The terminology differs however when we talk about the type of bonding that occurs in molecular compounds vs other compounds. (Notice how I used the word "compound" in both terms. It implies that something molecular is a compound by nature meaning that it follows the law of definite proportions.) A molecular compound is one that only contains nonmetals (generally) and is held together by the sharing of electrons. Whole molecules might be held rigidly in place by intermolecular forces between molecules but there is never any official chemical bonding between molecules. The sharing of electrons might not be equal. This is the cause of polarity and electronegativity differences. The degree of polarity can actually be calculated on a scale of severity to rate the nature of the polar bond. A bond that has a high enough polarity or electronegativity difference between atoms is actually no longer considered a polar covalent bond but moves into the ranks of the ionic bonds.

Two atoms that have vastly differing electronegativities are bound together by forces of electricity, not the sharing of electrons. It can be thought of as a donation of electrons from one species to the other to create two charged species- positive and negative. The bond is then an electrostatic interaction. One of my students expressed it this way, "It's like the difference between lego legs and a magnet- the ionic bond is the magnet attraction." (and a compound as opposed to a molecular compound)

The "lego legs" illustration refers to the characteristic of molecular bonding in which the sharing of electrons (through overlap of orbitals) creates distinctly arranged atoms that form distinctive shapes with distinctive angles.  In the "magnetic" bonding, the atoms arrange themselves to minimize repulsions and maximize attractions.  In some ways the atoms all float together in magnetic attraction (as if they don't form individual compounds but one big centralized compound made up of many formula units) but if you broke the unit down into pieces it would always have the same ratio of atoms as the compound itself (due to law of definite proportions).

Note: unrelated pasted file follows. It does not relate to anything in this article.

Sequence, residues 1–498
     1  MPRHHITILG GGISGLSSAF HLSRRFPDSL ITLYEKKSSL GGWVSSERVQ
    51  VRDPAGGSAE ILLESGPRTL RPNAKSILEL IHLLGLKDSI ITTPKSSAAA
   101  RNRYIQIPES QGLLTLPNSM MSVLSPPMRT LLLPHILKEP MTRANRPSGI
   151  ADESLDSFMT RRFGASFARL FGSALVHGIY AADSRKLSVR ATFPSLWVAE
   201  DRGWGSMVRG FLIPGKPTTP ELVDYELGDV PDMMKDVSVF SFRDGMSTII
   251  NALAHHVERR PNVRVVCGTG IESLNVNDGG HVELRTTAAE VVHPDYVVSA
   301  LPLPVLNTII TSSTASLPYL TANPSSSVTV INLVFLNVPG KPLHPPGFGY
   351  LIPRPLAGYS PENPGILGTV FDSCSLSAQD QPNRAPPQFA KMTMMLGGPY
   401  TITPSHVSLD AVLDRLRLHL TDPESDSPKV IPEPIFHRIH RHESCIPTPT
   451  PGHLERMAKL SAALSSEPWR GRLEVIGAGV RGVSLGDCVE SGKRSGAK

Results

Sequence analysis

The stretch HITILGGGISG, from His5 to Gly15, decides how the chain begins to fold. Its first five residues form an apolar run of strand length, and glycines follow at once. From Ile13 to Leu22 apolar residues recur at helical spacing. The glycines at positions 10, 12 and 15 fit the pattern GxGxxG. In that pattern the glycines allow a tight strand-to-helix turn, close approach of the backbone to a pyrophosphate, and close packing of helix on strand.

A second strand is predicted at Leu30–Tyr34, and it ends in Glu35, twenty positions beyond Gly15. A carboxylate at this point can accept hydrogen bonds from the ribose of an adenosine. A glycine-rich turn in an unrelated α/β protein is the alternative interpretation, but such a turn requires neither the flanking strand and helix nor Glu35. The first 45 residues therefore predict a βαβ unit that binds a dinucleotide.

What a talented student! Lego legs vs magnets! I love it.

Randall Knight comes alive in my classroom!

I've finally implemented the idea of instant feedback from the Five Easy Lessons book by Randall Knight. Did I need complex electronic equipment to do it? No. I passed out large index cards and each student divided them into 4 parts. A, B,C, D. Now whenever I want to estimate the number of students who understand my point I ask for people to hold up the appropriate card.

I learned what does NOT work. If you ask the students to give you a rating on the easy/hard nature of the quiz they have no idea what they are talking about. Almost everybody gave me "B" (the quiz was easy). Funny thing that the average was a 65%. Guess they are remiss in the idea of easy vs hard.